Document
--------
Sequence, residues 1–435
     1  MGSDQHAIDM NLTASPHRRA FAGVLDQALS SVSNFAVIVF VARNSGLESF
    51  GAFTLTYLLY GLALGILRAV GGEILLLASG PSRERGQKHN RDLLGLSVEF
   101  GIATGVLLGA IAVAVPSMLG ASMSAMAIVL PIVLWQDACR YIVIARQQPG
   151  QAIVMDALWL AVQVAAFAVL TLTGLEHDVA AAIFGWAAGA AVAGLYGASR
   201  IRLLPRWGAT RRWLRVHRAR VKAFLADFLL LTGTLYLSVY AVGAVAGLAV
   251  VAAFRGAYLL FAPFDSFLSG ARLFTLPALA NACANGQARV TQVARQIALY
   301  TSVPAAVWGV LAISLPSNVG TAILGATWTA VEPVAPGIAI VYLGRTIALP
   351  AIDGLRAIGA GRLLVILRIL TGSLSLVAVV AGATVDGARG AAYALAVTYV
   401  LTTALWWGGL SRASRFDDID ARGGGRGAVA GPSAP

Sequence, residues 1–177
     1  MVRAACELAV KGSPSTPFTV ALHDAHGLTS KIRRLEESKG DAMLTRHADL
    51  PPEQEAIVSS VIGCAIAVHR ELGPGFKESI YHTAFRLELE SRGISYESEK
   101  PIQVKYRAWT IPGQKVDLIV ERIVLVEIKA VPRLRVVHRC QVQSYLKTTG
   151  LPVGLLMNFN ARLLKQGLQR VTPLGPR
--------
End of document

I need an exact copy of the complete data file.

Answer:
Sequence, residues 1–435
     1  MGSDQHAIDM NLTASPHRRA FAGVLDQALS SVSNFAVIVF VARNSGLESF
    51  GAFTLTYLLY GLALGILRAV GGEILLLASG PSRERGQKHN RDLLGLSVEF
   101  GIATGVLLGA IAVAVPSMLG ASMSAMAIVL PIVLWQDACR YIVIARQQPG
   151  QAIVMDALWL AVQVAAFAVL TLTGLEHDVA AAIFGWAAGA AVAGLYGASR
   201  IRLLPRWGAT RRWLRVHRAR VKAFLADFLL LTGTLYLSVY AVGAVAGLAV
   251  VAAFRGAYLL FAPFDSFLSG ARLFTLPALA NACANGQARV TQVARQIALY
   301  TSVPAAVWGV LAISLPSNVG TAILGATWTA VEPVAPGIAI VYLGRTIALP
   351  AIDGLRAIGA GRLLVILRIL TGSLSLVAVV AGATVDGARG AAYALAVTYV
   401  LTTALWWGGL SRASRFDDID ARGGGRGAVA GPSAP

Sequence, residues 1–177
     1  MVRAACELAV KGSPSTPFTV ALHDAHGLTS KIRRLEESKG DAMLTRHADL
    51  PPEQEAIVSS VIGCAIAVHR ELGPGFKESI YHTAFRLELE SRGISYESEK
   101  PIQVKYRAWT IPGQKVDLIV ERIVLVEIKA VPRLRVVHRC QVQSYLKTTG
   151  LPVGLLMNFN ARLLKQGLQR VTPLGPR